Hong Kong ship detained in Australia after crew found hungry and unpaid for two months
Australian Maritime Safety Authority holding vessel off port of Gladstone in Queensland after Fujian owner suspected of breaching Maritime Labour Convention over insufficient food and unpaid wages for Chinese crew
The Hong Kong Marine Department is following up on the detention of a Hong Kong-registered vessel off the Queensland coast in Australia after 20 suffering mainland Chinese crew members were found on board hungry and unpaid for at least two months.
The 93,000-tonne Five Stars Fujian has been detained off the port of Gladstone in Australia since last Friday by the Australian Maritime Safety Authority after inspectors found the company had breached the Maritime Labour Convention over the insufficient food and unpaid wages for the Chinese crew.
The bulk carrier, reportedly containing A$40 million (HK$238 million) worth of coal from the Port of Hay Point, south of Mackay, is owned by the Hong Kong-registered Five Stars Fujian Shipping Company, of which mainlander Zheng Wenhe, from Fujian province, is the only director.
Zheng, who is experiencing financial difficulties, is currently on the mainland and has been urged by various parties to resupply the ship immediately and settle the unpaid wages.
Matt Purcell, assistant coordinator for the International Transport Workers’ Federation in Australia, said it was shameful conduct in Australian waters by a foreign-owned and chartered vessel.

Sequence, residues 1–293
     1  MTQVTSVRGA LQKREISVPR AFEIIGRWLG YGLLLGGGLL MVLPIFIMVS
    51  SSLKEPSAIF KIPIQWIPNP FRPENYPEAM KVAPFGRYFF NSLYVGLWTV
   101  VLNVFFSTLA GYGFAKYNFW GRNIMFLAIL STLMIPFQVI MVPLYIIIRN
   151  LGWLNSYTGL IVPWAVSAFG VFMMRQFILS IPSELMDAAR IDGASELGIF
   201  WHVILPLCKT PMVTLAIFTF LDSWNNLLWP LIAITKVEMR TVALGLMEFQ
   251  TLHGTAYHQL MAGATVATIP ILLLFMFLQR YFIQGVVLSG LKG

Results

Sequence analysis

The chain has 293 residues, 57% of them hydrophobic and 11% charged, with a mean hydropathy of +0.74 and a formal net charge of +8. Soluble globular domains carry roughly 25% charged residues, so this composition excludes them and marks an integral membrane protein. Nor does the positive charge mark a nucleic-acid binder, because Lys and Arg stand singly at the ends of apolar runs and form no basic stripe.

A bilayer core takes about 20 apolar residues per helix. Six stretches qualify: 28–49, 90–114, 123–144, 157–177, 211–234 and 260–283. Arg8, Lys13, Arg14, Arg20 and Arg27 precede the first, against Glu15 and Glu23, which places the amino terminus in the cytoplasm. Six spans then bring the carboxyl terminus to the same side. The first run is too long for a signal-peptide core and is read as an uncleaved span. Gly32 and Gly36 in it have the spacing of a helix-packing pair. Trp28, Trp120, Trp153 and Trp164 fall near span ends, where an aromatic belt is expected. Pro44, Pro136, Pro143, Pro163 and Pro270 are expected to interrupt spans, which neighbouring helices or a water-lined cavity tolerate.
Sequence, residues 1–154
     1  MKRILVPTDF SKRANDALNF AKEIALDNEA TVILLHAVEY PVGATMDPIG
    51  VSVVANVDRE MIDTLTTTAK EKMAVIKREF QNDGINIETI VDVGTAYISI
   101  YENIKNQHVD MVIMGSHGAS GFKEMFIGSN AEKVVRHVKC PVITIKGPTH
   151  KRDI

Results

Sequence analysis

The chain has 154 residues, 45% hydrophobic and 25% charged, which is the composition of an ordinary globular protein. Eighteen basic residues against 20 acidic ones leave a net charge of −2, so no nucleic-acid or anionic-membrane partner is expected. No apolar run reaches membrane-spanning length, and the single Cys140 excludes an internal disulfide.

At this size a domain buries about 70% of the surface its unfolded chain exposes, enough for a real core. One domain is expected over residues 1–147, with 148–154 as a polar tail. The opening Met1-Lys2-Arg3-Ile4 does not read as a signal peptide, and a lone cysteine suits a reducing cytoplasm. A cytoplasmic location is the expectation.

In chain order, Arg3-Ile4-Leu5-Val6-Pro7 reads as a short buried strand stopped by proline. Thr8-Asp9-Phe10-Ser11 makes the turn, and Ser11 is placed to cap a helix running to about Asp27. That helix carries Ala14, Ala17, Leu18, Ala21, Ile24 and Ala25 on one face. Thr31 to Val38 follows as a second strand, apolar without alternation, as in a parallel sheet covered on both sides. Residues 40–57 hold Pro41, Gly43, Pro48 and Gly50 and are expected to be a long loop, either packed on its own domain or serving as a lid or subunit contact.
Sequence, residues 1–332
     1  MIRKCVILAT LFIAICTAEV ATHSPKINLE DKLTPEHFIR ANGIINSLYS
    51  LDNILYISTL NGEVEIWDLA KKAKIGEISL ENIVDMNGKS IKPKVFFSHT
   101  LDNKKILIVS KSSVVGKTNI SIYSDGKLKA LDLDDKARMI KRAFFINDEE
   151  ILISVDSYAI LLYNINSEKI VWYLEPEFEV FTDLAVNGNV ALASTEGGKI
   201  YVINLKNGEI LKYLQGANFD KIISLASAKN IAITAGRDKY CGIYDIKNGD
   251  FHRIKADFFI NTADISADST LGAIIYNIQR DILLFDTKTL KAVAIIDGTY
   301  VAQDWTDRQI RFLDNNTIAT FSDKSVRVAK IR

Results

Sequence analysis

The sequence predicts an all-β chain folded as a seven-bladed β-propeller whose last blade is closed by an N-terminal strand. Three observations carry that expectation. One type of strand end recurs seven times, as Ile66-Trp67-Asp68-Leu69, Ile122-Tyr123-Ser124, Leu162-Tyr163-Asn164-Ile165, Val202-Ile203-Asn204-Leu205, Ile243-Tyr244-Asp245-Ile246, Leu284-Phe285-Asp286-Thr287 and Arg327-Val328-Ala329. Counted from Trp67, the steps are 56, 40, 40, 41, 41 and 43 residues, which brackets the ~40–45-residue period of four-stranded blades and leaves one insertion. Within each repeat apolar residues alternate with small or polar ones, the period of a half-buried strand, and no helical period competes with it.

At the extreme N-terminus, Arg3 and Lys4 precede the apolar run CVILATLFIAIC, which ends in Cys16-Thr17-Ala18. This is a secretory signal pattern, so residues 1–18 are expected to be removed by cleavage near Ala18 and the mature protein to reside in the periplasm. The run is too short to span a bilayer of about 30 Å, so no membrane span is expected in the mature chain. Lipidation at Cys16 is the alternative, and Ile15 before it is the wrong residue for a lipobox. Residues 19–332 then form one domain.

“For the owners to abandon their crew, virtually leaving them for dead, is beyond shocking,” Purcell told Australian media. “Even when they were being paid, the crew was barely receiving A$2 an hour, which is well below international standards.”
Emergency provisions were provided for the crew via helicopter by the authority and welfare organisations in Australia.
A Marine Department spokeswoman said it had been liaising with relevant parties after being informed of the vessel’s situation. The department had been told the vessel owner had remitted money to a ship chandler in Australia on Tuesday to pay for food and other supplies for the ship.
“The department is now following up with the Australian Maritime Safety Authority on the ship detention case and the ship’s owner and manager regarding the crew’s welfare including unpaid wages,” the spokeswoman said.
The Hong Kong Shipowners Association urged the government to provide immediate assistance to the crew, including supplies of provisions and fuel, and for their repatriation.
The association’s managing director Arthur Bowring said they were extremely concerned about the crew’s welfare.
“There might not be a legal obligation for Hong Kong to provide such facilities, but there is an extremely strong moral and ethical obligation to do so. These seafarers must not be left abandoned without flag state support,” he said.
The vessel will remain in detention until the Australian authority is satisfied provisions are adequate and wages have been paid.